Spencer Mackenzie still remembers the day his sister, Tobi, came home distraught. “She was very upset because somebody had called her the R-word,” Mackenzie said of his special needs sister. “I really saw how hurt she was by it, and I thought to myself, ‘anything to help my sister.’ If no one else is going to speak about this, than I am.”
The R-word in question is “retarded,” and Mackenzie, a 15-year-old Liberty Christian sophomore, decided that enough was enough, so he began working on a campaign that would seek to put an end to the use of what he considers a very offensive word as a result.
“I did my research, found out about the whole R-word campaign with the Special Olympics, and went to my middle school football coach, Matt Bowles, and told him my story. He was on board with it and gave me the platform to speak to my entire middle school.”
He was off to a good start, but Mackenzie did not stop raising awareness with just his middle school.
He chose to contact the head coaches of college football teams because the student body usually looks up to the players and Spencer thought it would be a great way to get the word out. He had T-shirts printed with the slogan, “SPREAD THE WORD TO END THE WORD – www.r-word.org” and bought a banner for the football team to sign and display in their student union.
One of the coaches Spencer reached out to about the R-word campaign was Bill Snyder from Kansas State. Spencer wrote a letter asking for a meeting to discuss the Kansas State football team taking the pledge to end the use of the R-word and make a positive social change on the Kansas State campus.
Coach Snyder was the first NCAA coach to personally meet with Spencer. His reply came in the form of an e-mail, which read, “Thank you, Spencer, for your passionate stand and support on such a significant cause. Would enjoy meeting with you in March.”
On March 29, 2011, Spencer had the pleasure of meeting Coach Snyder in his office overlooking the football field at Kansas State, home of the Wildcats. Coach Snyder has six national Coach of the Year awards, five-conference Coach of the Year awards, and has been credited with the architect of the “greatest turnaround in the history of college football”.
During the meeting, Coach Snyder agreed to have the entire Kansas State football team take the pledge to support the cause to end the use of the R-word.
Mackenzie learned later that David Smith, a linebacker with Kansas State, was so inspired after taking the pledge that he signed up as a volunteer with the Special Olympics.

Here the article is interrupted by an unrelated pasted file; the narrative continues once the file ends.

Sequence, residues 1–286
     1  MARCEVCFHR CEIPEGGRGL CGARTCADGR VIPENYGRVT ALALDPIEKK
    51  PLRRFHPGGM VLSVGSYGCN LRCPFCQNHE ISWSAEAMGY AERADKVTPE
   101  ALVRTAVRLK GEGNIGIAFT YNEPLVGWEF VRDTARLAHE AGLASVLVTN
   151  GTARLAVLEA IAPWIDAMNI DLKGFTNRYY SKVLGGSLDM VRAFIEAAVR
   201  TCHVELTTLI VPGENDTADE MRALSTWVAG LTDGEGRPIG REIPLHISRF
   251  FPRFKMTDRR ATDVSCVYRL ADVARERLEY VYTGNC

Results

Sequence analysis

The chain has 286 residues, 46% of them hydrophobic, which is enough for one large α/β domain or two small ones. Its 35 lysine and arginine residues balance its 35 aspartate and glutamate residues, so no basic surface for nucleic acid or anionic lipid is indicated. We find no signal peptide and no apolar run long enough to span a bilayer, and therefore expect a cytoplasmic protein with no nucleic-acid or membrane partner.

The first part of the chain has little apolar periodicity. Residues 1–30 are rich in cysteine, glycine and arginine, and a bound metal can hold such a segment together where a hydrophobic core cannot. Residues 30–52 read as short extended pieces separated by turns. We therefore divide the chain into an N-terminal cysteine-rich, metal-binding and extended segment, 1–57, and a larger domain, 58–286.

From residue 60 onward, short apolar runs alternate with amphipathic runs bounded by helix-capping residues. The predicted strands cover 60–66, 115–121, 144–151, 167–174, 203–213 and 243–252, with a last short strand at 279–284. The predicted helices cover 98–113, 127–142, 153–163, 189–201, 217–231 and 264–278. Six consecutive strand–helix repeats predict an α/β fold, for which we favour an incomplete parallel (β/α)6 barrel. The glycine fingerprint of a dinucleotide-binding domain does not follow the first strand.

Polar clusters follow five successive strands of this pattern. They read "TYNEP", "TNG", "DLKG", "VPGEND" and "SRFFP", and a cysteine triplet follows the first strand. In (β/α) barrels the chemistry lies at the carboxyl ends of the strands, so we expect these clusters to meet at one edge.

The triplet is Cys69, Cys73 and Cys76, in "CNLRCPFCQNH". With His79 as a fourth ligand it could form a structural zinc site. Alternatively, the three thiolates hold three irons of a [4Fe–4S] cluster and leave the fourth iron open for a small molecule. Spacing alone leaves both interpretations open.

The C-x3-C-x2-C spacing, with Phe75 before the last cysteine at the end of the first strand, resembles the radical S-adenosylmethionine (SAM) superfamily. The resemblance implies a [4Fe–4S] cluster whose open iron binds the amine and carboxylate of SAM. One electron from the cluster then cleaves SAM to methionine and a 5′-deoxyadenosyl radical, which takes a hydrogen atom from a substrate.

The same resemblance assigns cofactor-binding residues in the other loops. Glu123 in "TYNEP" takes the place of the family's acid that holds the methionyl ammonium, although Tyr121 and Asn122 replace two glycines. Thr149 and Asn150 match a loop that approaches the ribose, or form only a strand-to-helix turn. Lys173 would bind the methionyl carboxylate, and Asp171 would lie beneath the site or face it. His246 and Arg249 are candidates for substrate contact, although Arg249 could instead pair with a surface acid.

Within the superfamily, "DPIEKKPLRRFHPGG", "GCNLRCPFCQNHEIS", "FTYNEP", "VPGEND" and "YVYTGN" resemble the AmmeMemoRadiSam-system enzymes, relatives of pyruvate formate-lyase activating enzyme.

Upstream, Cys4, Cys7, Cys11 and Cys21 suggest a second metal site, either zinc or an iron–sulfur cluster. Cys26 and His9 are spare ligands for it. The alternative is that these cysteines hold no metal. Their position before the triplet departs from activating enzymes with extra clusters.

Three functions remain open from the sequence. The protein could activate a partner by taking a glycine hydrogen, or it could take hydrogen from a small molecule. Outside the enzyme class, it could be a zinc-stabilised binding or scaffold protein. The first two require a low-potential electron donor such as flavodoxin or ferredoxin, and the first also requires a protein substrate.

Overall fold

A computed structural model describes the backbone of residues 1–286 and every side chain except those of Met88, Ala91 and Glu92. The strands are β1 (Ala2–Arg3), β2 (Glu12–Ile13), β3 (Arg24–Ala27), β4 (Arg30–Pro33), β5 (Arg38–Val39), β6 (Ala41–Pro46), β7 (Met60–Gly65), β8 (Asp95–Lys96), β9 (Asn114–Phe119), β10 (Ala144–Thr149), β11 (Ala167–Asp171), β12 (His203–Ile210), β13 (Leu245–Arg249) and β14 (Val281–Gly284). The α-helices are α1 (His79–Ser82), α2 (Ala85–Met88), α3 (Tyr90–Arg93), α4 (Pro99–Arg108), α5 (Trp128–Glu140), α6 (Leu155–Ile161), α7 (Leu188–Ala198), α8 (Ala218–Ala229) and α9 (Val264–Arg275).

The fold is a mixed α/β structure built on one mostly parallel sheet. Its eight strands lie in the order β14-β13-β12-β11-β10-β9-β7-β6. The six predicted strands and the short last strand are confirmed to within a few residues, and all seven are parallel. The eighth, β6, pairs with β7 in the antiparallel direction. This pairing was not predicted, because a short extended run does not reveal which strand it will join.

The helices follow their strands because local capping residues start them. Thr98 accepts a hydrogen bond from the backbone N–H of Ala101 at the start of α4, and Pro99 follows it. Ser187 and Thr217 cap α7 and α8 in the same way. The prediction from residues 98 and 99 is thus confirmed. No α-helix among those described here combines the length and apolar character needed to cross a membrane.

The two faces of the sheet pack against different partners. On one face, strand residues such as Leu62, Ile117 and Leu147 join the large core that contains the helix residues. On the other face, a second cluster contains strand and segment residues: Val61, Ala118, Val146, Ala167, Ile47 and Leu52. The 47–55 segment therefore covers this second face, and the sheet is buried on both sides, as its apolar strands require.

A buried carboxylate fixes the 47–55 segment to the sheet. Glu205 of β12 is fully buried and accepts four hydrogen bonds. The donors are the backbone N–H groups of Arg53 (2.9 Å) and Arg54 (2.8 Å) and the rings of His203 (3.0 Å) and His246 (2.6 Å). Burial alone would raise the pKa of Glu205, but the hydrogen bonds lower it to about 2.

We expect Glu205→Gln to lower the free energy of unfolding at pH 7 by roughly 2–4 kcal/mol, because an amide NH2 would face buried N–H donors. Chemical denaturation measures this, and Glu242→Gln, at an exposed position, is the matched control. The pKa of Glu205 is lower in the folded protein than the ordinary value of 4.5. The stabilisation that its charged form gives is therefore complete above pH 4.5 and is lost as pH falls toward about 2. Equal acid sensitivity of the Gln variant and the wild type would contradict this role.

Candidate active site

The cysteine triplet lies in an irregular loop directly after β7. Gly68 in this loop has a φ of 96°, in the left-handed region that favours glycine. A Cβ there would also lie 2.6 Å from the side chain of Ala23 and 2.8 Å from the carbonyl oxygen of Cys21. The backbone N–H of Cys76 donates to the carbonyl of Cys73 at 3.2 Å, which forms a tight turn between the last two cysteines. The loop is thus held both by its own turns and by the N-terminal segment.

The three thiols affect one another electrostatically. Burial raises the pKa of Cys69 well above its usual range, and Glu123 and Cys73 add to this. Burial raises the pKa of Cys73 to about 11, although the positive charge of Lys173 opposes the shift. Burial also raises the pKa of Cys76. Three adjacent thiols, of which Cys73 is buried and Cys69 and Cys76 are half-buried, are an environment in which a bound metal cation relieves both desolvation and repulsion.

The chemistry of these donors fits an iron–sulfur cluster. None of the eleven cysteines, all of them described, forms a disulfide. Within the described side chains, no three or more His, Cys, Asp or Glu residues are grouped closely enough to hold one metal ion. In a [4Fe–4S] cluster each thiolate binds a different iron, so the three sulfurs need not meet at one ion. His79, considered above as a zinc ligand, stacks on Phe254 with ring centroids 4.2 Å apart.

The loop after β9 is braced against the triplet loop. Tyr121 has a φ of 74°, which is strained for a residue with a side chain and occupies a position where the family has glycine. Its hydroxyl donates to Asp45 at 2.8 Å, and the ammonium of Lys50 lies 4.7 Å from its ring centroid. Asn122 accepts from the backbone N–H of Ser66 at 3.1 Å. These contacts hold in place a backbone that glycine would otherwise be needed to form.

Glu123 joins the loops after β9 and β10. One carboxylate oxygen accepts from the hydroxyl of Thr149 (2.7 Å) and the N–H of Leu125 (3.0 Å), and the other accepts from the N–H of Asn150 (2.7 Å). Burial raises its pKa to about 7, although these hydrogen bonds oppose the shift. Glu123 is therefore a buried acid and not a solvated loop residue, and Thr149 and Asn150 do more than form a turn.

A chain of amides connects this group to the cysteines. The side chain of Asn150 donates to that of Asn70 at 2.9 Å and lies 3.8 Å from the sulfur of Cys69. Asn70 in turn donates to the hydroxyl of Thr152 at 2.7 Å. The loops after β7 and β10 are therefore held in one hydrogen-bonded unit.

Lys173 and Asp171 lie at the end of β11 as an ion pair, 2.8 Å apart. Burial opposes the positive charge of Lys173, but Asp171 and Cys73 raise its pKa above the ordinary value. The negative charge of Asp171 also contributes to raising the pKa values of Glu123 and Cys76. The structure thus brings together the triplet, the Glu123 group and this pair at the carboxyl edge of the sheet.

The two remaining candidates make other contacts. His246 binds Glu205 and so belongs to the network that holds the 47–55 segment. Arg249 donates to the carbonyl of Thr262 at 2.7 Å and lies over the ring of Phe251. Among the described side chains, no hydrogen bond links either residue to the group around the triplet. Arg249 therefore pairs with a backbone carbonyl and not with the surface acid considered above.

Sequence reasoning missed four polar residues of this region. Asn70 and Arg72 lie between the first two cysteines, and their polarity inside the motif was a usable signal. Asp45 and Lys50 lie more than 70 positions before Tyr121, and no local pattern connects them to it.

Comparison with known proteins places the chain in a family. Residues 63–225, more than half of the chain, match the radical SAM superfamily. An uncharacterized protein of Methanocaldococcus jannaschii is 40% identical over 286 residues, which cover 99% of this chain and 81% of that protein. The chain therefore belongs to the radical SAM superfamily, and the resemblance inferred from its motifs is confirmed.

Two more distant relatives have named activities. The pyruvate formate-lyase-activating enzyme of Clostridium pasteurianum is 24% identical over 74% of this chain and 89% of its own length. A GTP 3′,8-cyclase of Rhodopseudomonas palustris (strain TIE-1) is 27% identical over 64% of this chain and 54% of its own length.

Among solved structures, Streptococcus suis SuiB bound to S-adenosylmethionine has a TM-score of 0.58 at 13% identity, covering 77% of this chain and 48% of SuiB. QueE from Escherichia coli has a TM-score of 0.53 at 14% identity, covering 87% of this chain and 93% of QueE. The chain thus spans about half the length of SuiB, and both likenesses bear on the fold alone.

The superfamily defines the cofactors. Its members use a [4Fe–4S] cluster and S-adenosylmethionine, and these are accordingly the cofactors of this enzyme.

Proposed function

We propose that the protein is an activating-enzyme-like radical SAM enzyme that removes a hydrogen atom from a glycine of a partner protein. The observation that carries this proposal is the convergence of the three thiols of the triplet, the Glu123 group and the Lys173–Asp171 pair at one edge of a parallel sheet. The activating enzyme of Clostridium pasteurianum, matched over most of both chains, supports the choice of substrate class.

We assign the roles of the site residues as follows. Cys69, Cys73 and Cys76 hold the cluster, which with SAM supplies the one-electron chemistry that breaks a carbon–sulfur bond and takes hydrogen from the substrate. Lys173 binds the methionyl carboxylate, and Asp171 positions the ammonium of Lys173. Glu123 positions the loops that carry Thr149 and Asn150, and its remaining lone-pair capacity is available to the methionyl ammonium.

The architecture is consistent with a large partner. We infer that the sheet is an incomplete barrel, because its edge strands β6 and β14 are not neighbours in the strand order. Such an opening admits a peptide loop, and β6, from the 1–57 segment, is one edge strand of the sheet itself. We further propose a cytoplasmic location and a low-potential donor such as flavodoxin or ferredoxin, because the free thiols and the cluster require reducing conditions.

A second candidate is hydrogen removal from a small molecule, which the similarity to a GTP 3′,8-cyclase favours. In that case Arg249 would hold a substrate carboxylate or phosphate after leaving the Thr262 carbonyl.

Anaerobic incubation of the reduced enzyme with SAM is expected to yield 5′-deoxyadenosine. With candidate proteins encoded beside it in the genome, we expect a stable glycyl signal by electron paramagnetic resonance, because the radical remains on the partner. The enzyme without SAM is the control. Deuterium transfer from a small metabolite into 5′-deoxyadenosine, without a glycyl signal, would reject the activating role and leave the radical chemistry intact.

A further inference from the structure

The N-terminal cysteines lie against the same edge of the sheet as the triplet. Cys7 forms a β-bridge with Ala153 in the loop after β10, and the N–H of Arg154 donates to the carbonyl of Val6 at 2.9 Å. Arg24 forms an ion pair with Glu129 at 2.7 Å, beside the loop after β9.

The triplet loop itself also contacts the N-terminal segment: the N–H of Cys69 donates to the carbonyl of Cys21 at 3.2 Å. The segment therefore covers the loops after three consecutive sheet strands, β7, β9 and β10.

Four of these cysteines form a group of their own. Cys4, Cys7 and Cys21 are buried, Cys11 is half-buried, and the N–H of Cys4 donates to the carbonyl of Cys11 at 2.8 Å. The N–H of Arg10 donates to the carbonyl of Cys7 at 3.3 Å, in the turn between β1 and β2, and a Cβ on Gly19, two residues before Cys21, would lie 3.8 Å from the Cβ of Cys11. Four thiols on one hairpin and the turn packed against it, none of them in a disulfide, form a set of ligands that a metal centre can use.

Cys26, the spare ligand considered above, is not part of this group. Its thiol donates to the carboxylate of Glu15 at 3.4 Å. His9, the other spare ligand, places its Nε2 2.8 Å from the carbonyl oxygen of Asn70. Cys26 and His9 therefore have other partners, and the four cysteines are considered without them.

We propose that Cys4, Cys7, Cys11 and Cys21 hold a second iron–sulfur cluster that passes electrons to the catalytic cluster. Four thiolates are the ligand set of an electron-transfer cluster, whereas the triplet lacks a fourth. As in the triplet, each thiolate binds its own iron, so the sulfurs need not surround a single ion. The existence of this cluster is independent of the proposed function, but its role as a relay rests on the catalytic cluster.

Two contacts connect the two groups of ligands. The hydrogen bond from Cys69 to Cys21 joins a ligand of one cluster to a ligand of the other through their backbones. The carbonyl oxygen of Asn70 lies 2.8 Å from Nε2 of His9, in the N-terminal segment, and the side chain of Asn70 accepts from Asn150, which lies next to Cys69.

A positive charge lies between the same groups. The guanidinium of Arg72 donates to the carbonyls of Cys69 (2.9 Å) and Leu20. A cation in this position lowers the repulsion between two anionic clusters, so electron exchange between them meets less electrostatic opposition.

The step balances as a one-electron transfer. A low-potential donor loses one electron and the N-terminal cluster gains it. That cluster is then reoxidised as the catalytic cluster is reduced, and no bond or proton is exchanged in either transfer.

While visiting with Coach Snyder, Spencer also met Coach Joe Gordon, a former NFL player who is now the Director of Recruiting for Kansas State Football. Coach Gordon was excited to spread the word and promptly put on the R-word T-shirt.
“I was so impressed with the character and integrity of both Coach Snyder and Coach Gordon,” said Mackenzie. “They are both passionate about making a difference within their football team and their community. I feel very honored that they took the time to meet with me and that they share my passion to build awareness in society that leads to a positive social change.”
Mackenzie plans to contact all the teams in the Big 10 conference and hopes that they will all follow Coach Snyder’s lead to take the pledge.
Back at home, Mackenzie spoke to the Guyer High School football team about his efforts to end the use of the R-word.
“It was a daunting experience,” Mackenzie laughed. “Those guys are pretty big. But I just went and told them what was on my mind, and it was really great to see how many of them took it to heart.
“A bunch of them came up to me afterward and shook my hand and told me they really want to do this. I think it also says a lot about the kind of man that (Coach) John Walsh is and the type of leadership he provides.”
Coach Walsh said as soon as he learned about the campaign, he knew it was something he and his team needed to get behind.
“The Guyer Football program decided to support this campaign because we believe in treating everyone with respect, and the use of the R-word is disrespectful,” Walsh said. “Our players and coaches consider themselves leaders, and we want to be in the forefront of this campaign…the Guyer football players have embraced this campaign from the moment it was presented to them. They feel it is a worthy cause to support.”
Walsh said he has not personally been affected as Mackenzie has with a loved one who has special needs, but said it is enough just to know how much it means to him to want to help however he can.
“I can only imagine what it can feel like,” Walsh said. “Thinking of that situation helps fuel the passion to support Spencer.”
The Liberty Christian sophomore took his message to the local college ranks as well and spoke to the University of North Texas football team on June 5 in Denton.
Mackenzie said he hopes that a couple of things come from his campaign to stop the use of the R-word.
“My main goal is not make anyone feel guilty,” Mackenzie said. “It’s about educating people about the hurtful effects of the word, and encouraging them to become a fan of respect, by replacing the R-word with “respect”, and using the proper term, which is ‘intellectually disabled’. I just want to raise awareness and spread the word.”
Mackenzie is in good company, as another advocate for doing away with the R-word is former Alaska governor Sarah Palin, who has a 3-year-old son with Down syndrome. Palin criticized Rahm Emanuel, former Chief of Staff for President Barack Obama, for using the word together with an expletive during a meeting with liberal activists about healthcare reform in August 2009.
Visit www.r-word.org for more information on the campaign.